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6 Most Common Mistakes Hunters Make While Using a Laser Rangefinder.

INTRO

A laser rangefinder is known to be one of the hunter’s best companion, where it significantly increases our chances of making a clean shot. You need a rangefinder especially if you love to hunt on a tree-stand or any form of long-range hunting.
The laser rangefinder would send a laser beam to your intended object, and the object would reflect the beam. It would later determine the time traveled for the light to calculate the distance between you and your target.
Although having a laser rangefinder would be one of your best hunting asset, the efficiency of a laser rangefinder can be affected if you make some fundamental mistakes. Here are 6 common mistakes you must avoid when you are hunting!

Mistake 1: Your target may be out of range

Do not believe the maximum range estimate that is stated for your rangefinder! Usually, the stated estimate concerns the yards that it can measure when the rangefinder is used on highly reflective surface.
The reflective capacity of your target may not be good and this would affect the reading of the rangefinder. The greater the distance, the more the reading would be affected.
Sometimes, the manufacturers for rangefinders would provide estimates on a variety of targets. Hence, do note that the maximum range if it involves a highly reflective surface may be 775 yards, but if you want to target a deer, it may only be 320 yards.
Remember that your laser rangefinder would not be capable of giving accurate results if the intended target is outside of the range. Therefore, knowing the limits of your rangefinder can give you a rough estimation of how accurate your rangefinder can be with different distance and surface. To know this, you can take time to range your surroundings before taking your shot.

Mistake 2: Keeping your rangefinder in a bad condition

It may be frustrating where, at the point of time you are all setup to shoot but because some part of the component in the rangefinder spoiled, your shot became inaccurate.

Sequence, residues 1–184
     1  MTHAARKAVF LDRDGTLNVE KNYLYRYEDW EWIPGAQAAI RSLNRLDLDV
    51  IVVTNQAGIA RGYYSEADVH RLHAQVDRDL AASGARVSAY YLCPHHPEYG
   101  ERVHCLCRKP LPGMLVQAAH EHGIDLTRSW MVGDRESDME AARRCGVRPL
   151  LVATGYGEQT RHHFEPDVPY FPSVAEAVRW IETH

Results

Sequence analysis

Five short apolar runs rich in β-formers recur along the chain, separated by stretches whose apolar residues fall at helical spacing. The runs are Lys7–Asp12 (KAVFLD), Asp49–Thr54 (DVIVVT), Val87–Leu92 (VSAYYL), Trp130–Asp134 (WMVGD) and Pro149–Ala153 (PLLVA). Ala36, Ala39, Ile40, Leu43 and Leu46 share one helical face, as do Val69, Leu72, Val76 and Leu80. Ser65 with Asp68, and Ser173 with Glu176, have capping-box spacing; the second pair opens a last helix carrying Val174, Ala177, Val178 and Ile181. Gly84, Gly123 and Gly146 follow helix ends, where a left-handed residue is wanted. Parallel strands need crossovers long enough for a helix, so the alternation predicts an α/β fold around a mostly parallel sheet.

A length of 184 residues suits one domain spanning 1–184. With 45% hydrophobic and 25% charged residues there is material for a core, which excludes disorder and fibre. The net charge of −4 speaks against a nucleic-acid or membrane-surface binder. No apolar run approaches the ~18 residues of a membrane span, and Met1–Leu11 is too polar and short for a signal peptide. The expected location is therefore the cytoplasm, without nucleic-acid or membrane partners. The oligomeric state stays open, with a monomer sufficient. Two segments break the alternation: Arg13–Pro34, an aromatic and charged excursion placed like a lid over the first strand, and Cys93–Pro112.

Although a rangefinder is generally a sturdy piece of equipment, it still needs to be taken care of properly like a vehicle. Your rangefinder should be properly used, and then properly kept. You have to invest some time and money on optic care, such as investing in a proper carrying case. Helpful habits such as avoiding from touching the optical surfaces on your laser rangefinder should be adopted to prevent damaging the anti-reflection coating.
For example, dropping your rangefinder would be enough to make it inaccurate or malfunction. Also, if the battery in the rangefinder is weak, it may affect the accuracy and effectiveness of the rangefinder. Hence, you should keep your rangefinder in a good condition to have an accurate reading.

Mistake 3: You have focused on the wrong target

Often, hunters who use laser rangefinders would zoom into their target. However, after zooming to a certain extent, you may find that the laser beam would be pointing some other place.
The function of magnification of a laser rangefinder allows you to ensure that the reticle is actually focused on your intended target. However, most hunters are not aware of the possibility that the laser beam would point elsewhere after a certain power of magnification.
To reduce the possibility of committing this mistake, you must make sure that the rangefinder you purchased has good-quality glass and appropriate magnification.
Furthermore, places with low light such as when you are outdoors in the night, your rangefinder may not be able to focus on the intended target effectively. Only rangefinders which are made to deal with these situations would reduce the possibility of focusing on a wrong target. One suggestion is that you can bring a bright torchlight along to mitigate this problem.

Mistake 4: Inaccurate reading because of surrounding blockages

Despite using a rangefinder would mean that you would have a great advantage in shooting a target accurately, you must still be aware of your surroundings. After being familiar with your surroundings, you will be capable of realizing that your laser beam is hitting another target, such as a surrounding rocks or tree branch.
This is particularly tricky when you face situations such as raining, where there is a possibility that the beam would hit the rain drops instead of the target. Being in a surrounding that is filled with fog would jeopardize the reading as well. Therefore, remember to be careful whenever you are in a terrain with falling snow or pouring rain.